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L'abisme en els confins d'europa: la Rússia de Dostoievski

Lectora : revista de dones i textualitat ; Núm. 20 (2014), p. 119-131

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  • Title:
    L'abisme en els confins d'europa: la Rússia de Dostoievski
  • Author: Surós, Carlota
  • Found In: Lectora : revista de dones i textualitat ; Núm. 20 (2014), p. 119-131
  • Subjects: Dostoievski, Fiodor, 1821-1881 ; Europa ; Rússia ; Nació ; Consciència ; Comunitat ; Nación ; Conciencia ; Comunidad ; Nation ; Consciousness ; Community
  • Language: Catalan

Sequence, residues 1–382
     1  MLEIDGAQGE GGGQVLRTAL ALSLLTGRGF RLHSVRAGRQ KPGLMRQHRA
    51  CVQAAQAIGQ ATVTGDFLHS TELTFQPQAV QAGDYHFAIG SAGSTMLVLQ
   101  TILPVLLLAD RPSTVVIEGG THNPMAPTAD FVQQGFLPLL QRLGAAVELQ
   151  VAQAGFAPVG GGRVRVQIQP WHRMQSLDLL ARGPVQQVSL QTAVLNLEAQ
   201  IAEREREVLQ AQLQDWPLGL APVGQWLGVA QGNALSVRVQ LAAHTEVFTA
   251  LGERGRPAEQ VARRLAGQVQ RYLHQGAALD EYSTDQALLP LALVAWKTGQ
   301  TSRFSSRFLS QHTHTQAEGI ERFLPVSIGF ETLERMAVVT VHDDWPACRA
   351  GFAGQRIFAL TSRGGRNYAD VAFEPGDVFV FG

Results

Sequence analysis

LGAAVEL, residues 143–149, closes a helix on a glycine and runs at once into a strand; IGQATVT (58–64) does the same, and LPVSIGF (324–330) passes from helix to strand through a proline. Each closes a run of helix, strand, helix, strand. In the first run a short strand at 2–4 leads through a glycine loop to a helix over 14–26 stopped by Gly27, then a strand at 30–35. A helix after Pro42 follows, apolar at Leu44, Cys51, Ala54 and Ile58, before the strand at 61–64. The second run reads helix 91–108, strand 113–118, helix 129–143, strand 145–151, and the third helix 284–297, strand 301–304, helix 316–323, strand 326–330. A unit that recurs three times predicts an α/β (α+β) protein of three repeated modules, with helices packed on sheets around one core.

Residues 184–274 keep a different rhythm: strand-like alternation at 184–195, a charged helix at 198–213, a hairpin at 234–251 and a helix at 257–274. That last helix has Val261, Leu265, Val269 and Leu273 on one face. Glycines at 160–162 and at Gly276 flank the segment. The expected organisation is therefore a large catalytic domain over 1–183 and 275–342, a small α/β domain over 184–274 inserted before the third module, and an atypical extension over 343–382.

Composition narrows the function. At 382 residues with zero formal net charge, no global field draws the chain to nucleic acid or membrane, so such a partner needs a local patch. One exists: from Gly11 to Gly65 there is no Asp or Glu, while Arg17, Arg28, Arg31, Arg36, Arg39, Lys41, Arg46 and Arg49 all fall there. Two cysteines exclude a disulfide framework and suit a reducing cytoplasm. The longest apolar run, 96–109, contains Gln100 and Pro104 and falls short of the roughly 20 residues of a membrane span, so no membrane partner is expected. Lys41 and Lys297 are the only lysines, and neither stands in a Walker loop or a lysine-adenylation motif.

• Description: The nineteenth century saw the development of European industrial modernity together with its medieval inheritance. In this context, Russia entered the century as the boundary of Europe, and a place where staunch Russian tradition came into conflict with Western ideas. Russian intellectuals from the second half of the century, including Dostoevsky, dedicated their lives and work to tracing this integration in a deliberate manner and, above all, to avoiding the individualistic defects that capitalism had already instilled in Western culture. The Underground Man or Raskolnikov are instances of Dostoevsky's efforts to explain the alienated consciousness conceived by European modernity in an almost mythological way through iconic figures such as Napoleon. On the other hand, Saint Petersburg serves as a stage for his characters' struggle, depicted as disoriented intellectual souls facing society's progress. Dostoevsky's awareness of the origins of Russian tradition, as well as of the prevailing Western values that were inevitably influencing the neighboring territory, became some the writer's main concerns, who thereby tried to find, almost desperately, a solution to the consecutive and progressive fragmentation that the Russian nation was suffering. The main purpose of this essay is, therefore, to delve into the causes, the consequences and the evolution of these events, in order to give an account of the incipient rift between Europe and Russia, which is, currently, still a relevant and meaningful topic.

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